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Wednesday April 8th 2020
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#14 Progress on and off the field – Washington DC Gaels

Washington D.C. Gaels adult and youth teams at the 2009 D.C. St. Patrick's Day parade.

Washington D.C. Gaels adult and youth teams at the 2009 D.C. St. Patrick's Day parade.

Irish emigration levels to Washington DC, hasn’t been as high as other major US cities and as a result Gaelic games in the country’s capitol have been slow in getting started.  Nevertheless, the Washington DC Gaels have made steady progress over the past two decades in bringing the games to a young breed of American athletes, who find that Gaelic football, hurling and Camogie are exciting and exhilarating new sports. Club Chairperson, Nora Reilly, a native of Liverpool in England, and Development Officer, American player Mary Beth Ginder, today speaks to GaelicSportsCast about their recent recruiting drive and some of their fine achievements on the field.

 

 

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#13 From a puck-around to 90 strong – Indy Hurling Club

One of Indy Hurling Club teams takes a break at the North American Playoffs last September in Canton, Boston.

One of Indy Hurling Club teams takes a break at the North American Playoffs last September in Canton, Boston.

An Irish American wedding, a couple of hurls, a sliothar, a puck-around….next thing you know they’re  talking about forming a hurling club in a city crazy for all things motor car racing. Indianapolis is a city that hasn’t attracted a huge a number of Irish immigrants, yet somehow what started as some fun after a wedding turned into a thriving and growing hurling club made  up of  mostly American players. Recounting the club’s progress and detailing the rookie hurlers efforts to learn the game is club Chairperson, American born Brian Mathes and their coach Kilkenny man, Ciaran Connery.

 

 

 

 

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#12 Olympics helped Gaelic games get off ground – Atlanta GAA

Atlanta Co-Ed Hurling

Atlanta Co-Ed Hurling

In the southern state of Georgia, a state not known as a traditional stronghold of Gaelic games in the US, Atlanta GAA nontheless has been steadily making progress introducing the games to young Americans.  The new Chairman of Atlanta GAA is Kieran Claffey and he speaks to GaelicSportsCast about how the 1996 Olympic Games helped to grow Gaelic games in the city, the attractiveness of  both ladies football and hurling for Americans, and, the challenges that lie  ahead.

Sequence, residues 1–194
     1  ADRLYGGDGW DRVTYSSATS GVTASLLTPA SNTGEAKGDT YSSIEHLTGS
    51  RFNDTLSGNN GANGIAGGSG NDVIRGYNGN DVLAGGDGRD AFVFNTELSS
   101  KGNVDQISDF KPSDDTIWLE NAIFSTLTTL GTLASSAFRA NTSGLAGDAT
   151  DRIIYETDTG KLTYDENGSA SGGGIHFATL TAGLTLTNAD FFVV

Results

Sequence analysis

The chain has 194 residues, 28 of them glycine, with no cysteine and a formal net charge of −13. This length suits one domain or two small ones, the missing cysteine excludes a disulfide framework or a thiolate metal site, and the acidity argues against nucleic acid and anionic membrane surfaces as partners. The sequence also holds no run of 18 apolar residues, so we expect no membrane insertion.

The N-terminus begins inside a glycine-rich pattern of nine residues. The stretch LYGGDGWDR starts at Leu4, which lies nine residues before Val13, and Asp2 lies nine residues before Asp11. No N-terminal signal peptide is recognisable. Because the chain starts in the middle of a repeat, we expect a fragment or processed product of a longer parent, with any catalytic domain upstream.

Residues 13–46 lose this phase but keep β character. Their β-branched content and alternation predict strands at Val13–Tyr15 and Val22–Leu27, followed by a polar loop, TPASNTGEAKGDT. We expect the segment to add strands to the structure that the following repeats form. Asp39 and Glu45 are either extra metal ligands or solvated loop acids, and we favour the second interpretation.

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#11 American players key to future success – Boston Shamrocks

The Shamrock's celebrate their epic 2004 North East Senior title

The Shamrock's celebrate their epic 2004 North East Senior title

With its large Irish American background, the City of Boston has attracted many Irish natives to  its meandering streets. For well over a century, by sharing a love of Gaelic games with each other, the Irish were able to keep in touch with their roots back home while making new friends in their new home in America.  It is no surprise then that presently, Boston boasts the largest concentration of Gaelic games clubs in the North American County Board arena.  Today GaelicSportsCast visits with one of those clubs, the Boston Shamrocks Ladies Gaelic Football Club and to  founder member, Kathleen Rohan,  who talks about the  history and future of the club.

 

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#10 Hurling at Indiana University

Indiana University Hurling team

Indiana University Hurling team